And a few quotes  from the chapter that took my breath away:


When you love someone you do not love them all the time, in exactly the same way, from moment to moment.  It is an impossibility.  It is even a lie to pretend to.  And yet this is what most of us demand.  We have so little faith in the ebb and flow of life, of love, of relationships. .. We insist on permanency, on duration, on continuity, when the only continuity possible, in life as in love, is in growth, in fluidity— in freedom, in the sense that the dancers are free, barely touching as they pass, but partners in the same pattern,.. Security in a relationship, lies neither in looking back to what it was in nostalgia, nor forward to what it might be in dread or anticipation, but living in the present relationship and accepting it as it is now. 

Intermittency — an impossible lesson for human beings to learn. How can one learn to live through the ebb-tides of one’s existence? How can one learn to take the trough of the wave? It is easier to understand here on the beach, where the breathlessly still ebb tides reveal another life below the level which mortals usually reach. In this crystalline moment of suspense, one has a sudden revelation of the secret kingdom at the bottom of the sea. Here in the shallow flats one finds, wading through warm ripples, great horse conchs pivoting on a leg; white sand dollars, marble medallions engraved in the mud; and myriads of bright-colored cochina-clams, glistening in the foam, their shells opening and shutting like butterflies’ wings. So beautiful is the still hour of the sea’s withdrawal, as beautiful as the sea’s return when the encroaching waves pound up the beach, pressing to reach those dark rumpled chains of seaweed which mark the last high tide.

Perhaps this is the most important thing for me to take back from beach-living: simply the memory that each cycle of the tide is valid; each cycle of the wave is valid; each cycle of a relationship is valid. And my shells? I can sweep them all into my pocket. They are only there to remind me that the sea recedes and returns eternally.”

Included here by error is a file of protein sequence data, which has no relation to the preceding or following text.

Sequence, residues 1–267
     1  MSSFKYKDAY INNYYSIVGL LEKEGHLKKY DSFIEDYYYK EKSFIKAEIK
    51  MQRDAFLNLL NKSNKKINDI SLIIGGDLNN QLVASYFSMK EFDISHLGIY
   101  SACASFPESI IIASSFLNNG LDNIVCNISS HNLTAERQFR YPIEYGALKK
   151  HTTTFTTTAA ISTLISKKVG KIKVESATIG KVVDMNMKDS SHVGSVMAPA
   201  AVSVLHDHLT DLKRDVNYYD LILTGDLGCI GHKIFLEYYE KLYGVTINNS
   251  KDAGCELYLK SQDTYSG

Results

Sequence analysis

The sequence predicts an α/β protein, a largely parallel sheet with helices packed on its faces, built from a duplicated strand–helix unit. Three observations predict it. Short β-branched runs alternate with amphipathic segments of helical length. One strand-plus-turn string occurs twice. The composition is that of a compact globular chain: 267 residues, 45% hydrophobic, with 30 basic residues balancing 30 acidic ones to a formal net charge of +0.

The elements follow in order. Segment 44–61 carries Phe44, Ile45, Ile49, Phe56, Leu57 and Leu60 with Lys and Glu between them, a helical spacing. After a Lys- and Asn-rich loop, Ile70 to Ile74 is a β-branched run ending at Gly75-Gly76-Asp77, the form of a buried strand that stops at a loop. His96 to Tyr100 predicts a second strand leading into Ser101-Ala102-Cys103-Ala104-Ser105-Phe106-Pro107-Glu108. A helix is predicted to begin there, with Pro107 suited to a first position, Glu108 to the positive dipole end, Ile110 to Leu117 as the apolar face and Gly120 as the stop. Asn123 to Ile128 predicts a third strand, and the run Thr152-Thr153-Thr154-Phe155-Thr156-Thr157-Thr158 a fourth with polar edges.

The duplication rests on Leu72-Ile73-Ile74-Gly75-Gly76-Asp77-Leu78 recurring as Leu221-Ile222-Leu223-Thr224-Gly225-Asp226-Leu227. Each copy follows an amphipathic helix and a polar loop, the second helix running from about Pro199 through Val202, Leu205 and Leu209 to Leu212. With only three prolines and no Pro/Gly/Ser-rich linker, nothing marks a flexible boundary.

Anne Morrow Lindbergh, Gifts From The Sea

And because this feels wordy and poetic and a bit flowery ( and yet heartfelt) for me,  a few songs you should check out to go with your thoughts and the ebbs and flows.  A few songs that remind me how strong we all are, how much beauty and love there is in the world, and how love doesn’t end, it just changes and evolves and adapts.   

The Sea and the Shore (Amy Speace and John Fulbright)

Shine ( David Gray)

Silence is Easy ( Starsailor)

Empty Cups ( Amanda Shires)

Share the Moon ( Indigo Girls)

Walk into a Storm (Lone Bellow)

If You Fall ( Amy Speace)

I Remember Everything (John Prine)

Unknown Legend (Shovels and Rope)

Tougher Than the Rest (Shawn Colvin)

Stop Your Crying (Ted Hawkins)

Finish What We Started (Zac Brown and Brandi Carlile)

Forget About Georgia (Lukas Nelson)

American Flowers (Birds of Chicago and Allison Russell)

Windows are Rolled Down ( Amos Lee)

Hugs and love to you all my friends.   I’m deeply grateful for this life and the people who fill it with love.  We’ve always got each other.